We used to start our Christmas shopping
on the September long weekend we get here.
Until the year we stood at the mirror in the hall
and I said ‘they could share a room, anyway.’
Until the year the midwives had said ‘a line is a line is a line,’
then the bleeding started.
Until the year we had been a tiny little bit pregnant
so we went to Holy Island
now we weren’t pregnant at all, you took the toddler for a walk
so I could sit on a dune and cry.
Until the year we were pregnant again by October.
Every September weekend, I remember
the tiny little bit of pregnant I was,
over that long weekend: the anniversary of you,
you tiny little bit that never came to anything.
We never start our Christmas shopping in September.
My favourite thing about 2019 so far is being a fancy Poet-in-Residence.
And, as poet-in-residence of Lanterne Rouge, I would like to invite you all to a night of spoken word, tea, coffee and cake on Saturday 18th May, 7:30pm at the Lanterne Rouge, Gifford. The folks over at Listen Softly have very kindly lent me their brand, and a co-host for the evening, and Cameron has very kindly lent me his café!
We’ll be hearing from young and old(er) poets ranging from 11 years old to 85. Claire Askew, Mary Johnston, Hannah McCooke and Nicki Birrell. There are also three open mic spots: sign up on the night to be in with a chance of reading yourself!
It would be amazing to get a good turnout, so please share this with any friends that might like to come along. See you there?
You know when you think you just have a bit of a weird habit and then, 40 years later, you find out it’s a recognised syndrome?
I’m not going to talk about it in detail, but if you want to look it up, it’s called excoriation disorder. And I’ve not been diagnosed with it officially, it would be classed as ‘mild’ I think. There’s a test to do with ‘interfering with your daily life,’ and I don’t think I’m there, most days (thank goodness!).
What’s interesting is to observe my reaction to this new knowledge. I’ve been under a bit of stress these last few months and I’m adding in these behaviours as evidence of how I’ve been feeling. I’m using some of the advice online to manage the symptoms. But they haven’t stopped.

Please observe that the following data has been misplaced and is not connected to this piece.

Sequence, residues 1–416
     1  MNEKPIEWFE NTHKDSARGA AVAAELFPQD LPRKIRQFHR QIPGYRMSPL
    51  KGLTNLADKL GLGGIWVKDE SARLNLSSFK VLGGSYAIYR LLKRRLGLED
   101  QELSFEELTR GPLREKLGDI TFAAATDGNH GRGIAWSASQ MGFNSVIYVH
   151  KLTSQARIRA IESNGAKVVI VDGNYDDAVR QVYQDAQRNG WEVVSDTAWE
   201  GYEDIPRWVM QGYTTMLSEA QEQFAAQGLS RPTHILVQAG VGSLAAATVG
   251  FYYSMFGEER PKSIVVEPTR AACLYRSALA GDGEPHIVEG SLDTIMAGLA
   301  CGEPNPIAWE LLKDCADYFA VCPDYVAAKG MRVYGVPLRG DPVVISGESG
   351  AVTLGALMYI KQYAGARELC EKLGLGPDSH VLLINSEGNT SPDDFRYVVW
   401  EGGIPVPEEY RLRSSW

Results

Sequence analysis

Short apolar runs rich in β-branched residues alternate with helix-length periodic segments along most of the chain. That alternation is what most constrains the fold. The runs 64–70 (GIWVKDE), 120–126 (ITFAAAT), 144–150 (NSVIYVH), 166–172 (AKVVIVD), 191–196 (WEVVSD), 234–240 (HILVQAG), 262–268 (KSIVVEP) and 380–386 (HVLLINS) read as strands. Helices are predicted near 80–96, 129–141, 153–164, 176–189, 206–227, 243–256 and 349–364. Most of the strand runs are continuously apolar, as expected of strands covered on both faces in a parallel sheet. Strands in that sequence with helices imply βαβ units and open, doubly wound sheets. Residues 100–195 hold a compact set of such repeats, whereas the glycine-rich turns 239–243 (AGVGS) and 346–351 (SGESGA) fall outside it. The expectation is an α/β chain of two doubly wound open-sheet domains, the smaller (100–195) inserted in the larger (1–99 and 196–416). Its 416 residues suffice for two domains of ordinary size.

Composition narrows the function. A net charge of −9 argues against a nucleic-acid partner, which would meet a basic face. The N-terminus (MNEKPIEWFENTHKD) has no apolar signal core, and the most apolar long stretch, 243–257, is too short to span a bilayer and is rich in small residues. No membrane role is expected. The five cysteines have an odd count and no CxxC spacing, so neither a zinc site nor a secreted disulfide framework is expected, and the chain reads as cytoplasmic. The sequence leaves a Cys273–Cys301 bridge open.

Knowledge is not always power.
I may speak in the tongues of yoga and of cycling for miles, but if I still love food, I will become neither svelte nor sinuous. And if I have fast days, or avoid dairy or meat, or if I have all faith, and chunter on about my heart health and how weight is just a number, but still love food, I am not, and will never be thin. If I give away all my Dairy Milks, and hand over my cola bottles, I may kid myself on I’m being ‘good,’ but if I still love food, I gain, um, everything …
Food is patient; food is kind; food does not insist on its own way; it is not as irritable or resentful as I am about societal beauty standards; it rejoices in my ‘wrong’doings.
It rejoices … in my fat rolls.
Scraping the car in the morning, I was reminded of how much it reminds me of sitting in the freezing cold watching my Dad do the same thing.
How pleasing it was to watch him methodically remove the sugary coating from the windows so we could see out again, the fan blowing so loud we couldn’t hear ourselves think.
Now I have to sort my own car out.
But: I have a car.
I live somewhere with crisp frosty mornings, beautiful clear skies.
I got a new scraper the other day and it’s a good one.
I have my fans going full blast so when I’m ready to drive the car won’t be as cold.
I have excellent, thick waterproof gloves.
And unlike my youngest, I can reach the middle of the windscreen.
Just a tinylife job that brings joy!
At the close of my sixth decade, I’m too old to play games. Acceptance is the easier option, and more likely to yield success.
I accept the signs of a life lived in a perfectly serviceable body. Once, I played the game. Girls manipulated their appearance to win the man, the money and the desirable life, though the odds were against us and the prizes were overstated.
And even in the unfeasibly smooth face of the septuagenarian celebrity, the pursuit of youth is a game not worth playing. Good luck to those women, but for me, commodification in the guise of empowerment and visibility of the older woman is too high a stake.
I’m out of the game. I won’t buy the miracle cream and I’ve embarked on my last diet. Because, I’m relieved to report, being older suits me.
December again, and lots of us are in the middle of an insane whirl of activities that come with having school-aged children: nativity-lyrics-tickets this, shopping-bankruptcy that, tinsel-candy-cane this, special-magical-day-out that.
The pressure to remain joyful is intense: and the calendar looks like a story that’s been edited by three different people in four colours of pen. Of course we want to spend time with friends and family, find perfect gifts, wrap them beautifully, reach out to old friends with a card.
But please do remember to look after yourselves too.
And for those of you who won’t be as busy, for whatever reason, special tiny hugs to you. Yuletide can be difficult in lots of ways.
I wish you all a joyful and peaceful festive season. Looking forward to 2019 and more tinylife adventures.
tinylife will be back mid-January.